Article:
Is becoming a social enterprise the next step in sustainable destination development?
As we emerge from the pandemic, more destination marketing organisations are questioning their purpose and how they can best support their community, with more organisations adopting a destination stewardship mandate. However, Vancouver Island has gone one step further and have transformed their tourism marketing organisation into a social enterprise. Before he joins us at City Nation Place Global, we caught up with Anthony Everett, CEO at 4VI, to discover what prompted the change and how they’re navigating the challenges along the way.
I have to begin with the big question. You recently transitioned the destination marketing organisation, Tourism Vancouver Island, to 4VI, a social enterprise. What prompted this move?
I have been involved in tourism in British Columbia for 30+ years and spent most of this time focused on growth and driving revenues. Since the beginning of the pandemic, I realised that my mindset had shifted to focus on sustainability and the impact of climate change and human inequity. I began exploring new models and ideas to renew our organisation and its focus.
In 2022, Tourism Vancouver Island, a sixty-year old destination management organisation, was the first in the world to change to a social enterprise model with a mission to ensure that travel is a force for good on Vancouver Island – forever. We unveiled the change to 4VI in early April.
What does becoming a social enterprise mean in terms of your day-to-day?
We have definitely adopted a new mindset within our organisation. We’re still focused on service delivery of our contracts. This includes implementing the work of Destination BC in the Vancouver Island Region and in several community destination management organisations on Vancouver Island. But, we are also passing everything through a lens of the four pillars of social responsibility. Our work should be generating revenues to reinvest in communities through social impact that support the four pillars of social responsibility – businesses, culture, communities, and environment - and help ensure that a great place to live is a great place to visit.
There’s a move away from pure hard metrics in destination marketing toward ones that measure quality as well as quantity. What does success look like for you as a social enterprise? How are you measuring your impact?
This is a priority for our leadership team and we are continuously discussing how we should be defining success in both the short-term and long-term. Like many in our field, it’s no longer a simple metric or measure of increased visitors or visitor revenues.
As we work through our first year as 4VI, success for the organisation and the region will be defined through the work we are doing. In the years ahead, we intend to issue an annual Impact Report that outlines the successes and challenges of 4VI through the four pillars of social responsibility. We want to report out on how much we have invested in social impact using the UN SDGs (and specifically on 14 - life under water) as a guide.
We also plan to get a baseline for the carbon footprint of travel in the Vancouver Island Region. From tip to tip and coast to coast, and including Vancouver Island and the surrounding archipelago of islands off our coast. This is a part of our Biosphere Certification through the Responsible Tourism Institute and our signing of the Glasgow Declaration.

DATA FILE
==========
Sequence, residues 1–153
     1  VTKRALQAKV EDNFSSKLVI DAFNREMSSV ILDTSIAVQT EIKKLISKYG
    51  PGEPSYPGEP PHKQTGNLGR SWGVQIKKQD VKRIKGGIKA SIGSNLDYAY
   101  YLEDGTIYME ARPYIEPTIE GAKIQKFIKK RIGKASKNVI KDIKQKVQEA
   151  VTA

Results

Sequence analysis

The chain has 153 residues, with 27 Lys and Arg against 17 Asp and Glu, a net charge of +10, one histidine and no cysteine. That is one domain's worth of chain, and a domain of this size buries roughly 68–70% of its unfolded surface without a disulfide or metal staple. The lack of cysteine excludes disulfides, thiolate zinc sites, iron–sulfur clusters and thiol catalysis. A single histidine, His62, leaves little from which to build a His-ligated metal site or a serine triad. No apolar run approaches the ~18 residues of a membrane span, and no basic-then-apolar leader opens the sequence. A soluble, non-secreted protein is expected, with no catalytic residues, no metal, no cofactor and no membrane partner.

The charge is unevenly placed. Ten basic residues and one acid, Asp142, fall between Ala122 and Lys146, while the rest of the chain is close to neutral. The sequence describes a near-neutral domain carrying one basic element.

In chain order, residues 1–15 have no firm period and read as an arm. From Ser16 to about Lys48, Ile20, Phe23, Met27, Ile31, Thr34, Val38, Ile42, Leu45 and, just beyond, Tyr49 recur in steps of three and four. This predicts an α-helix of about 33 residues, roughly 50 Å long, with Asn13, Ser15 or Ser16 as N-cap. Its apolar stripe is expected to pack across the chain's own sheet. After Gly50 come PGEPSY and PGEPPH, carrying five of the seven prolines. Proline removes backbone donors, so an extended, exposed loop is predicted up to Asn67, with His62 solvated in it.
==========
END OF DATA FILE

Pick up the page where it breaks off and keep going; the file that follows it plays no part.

Other measures we’re exploring include DEIA [Diversity, Equity, Inclusion, and Accessibility] and 2SLGBTQIA+ [Two-Spirit, Lesbian, Gay, Bisexual, Transgender, Queer and/or Questioning, Intersex, Asexual] key performance indicators, both for our organisation and the region where we live. Are we truly committed to reconciliation with Indigenous people? How we are going to measure all of this will require partnerships and collaboration, which is another factor we’re exploring.
How did you engage your partners in this transition? Was it challenging to bring them along with you on the journey?
Every change brings challenges along with opportunities. The overwhelming majority of our partners and stakeholders understand and truly support our shift to a social enterprise. A small, select group of tourism industry members did begin to criticise the change among themselves and to some of our partners.
My key learning from this situation is that you can never communicate enough, and you need to focus on where you’re gaining support rather than feel dragged down by a small minority. We all know that it is hard to hear people’s critiques. What made it most difficult was that they could have easily come to us to ask questions directly.
What would be your advice for cities or regions on how they can work with other stakeholders to ensure the benefits and burdens of tourism are felt equally across the destination?
The most important thing you can do is show up. Engage with people directly in the community. We spend a lot of time meeting with people and listening to them. Hearing from the various communities in our region shows the diversity of opinion around tourism. Some communities want more visitors; others feel overwhelmed. One of our guiding principles is to build trust and prioritize honest, positive relationships. This doesn’t happen from your desk.
All in all, it seems like a revolutionary approach. It might not be right for everyone given how differently organisations operate, but is there one piece of advice you’d share that you wish you could tell your past self?
I would ensure that when you make a paradigm shift, ensure you have buy-in and understanding from your board (should you have one) and your team. Nothing succeeds when there isn’t a complete buy-in from within the organisation. Any external challenges can then be met.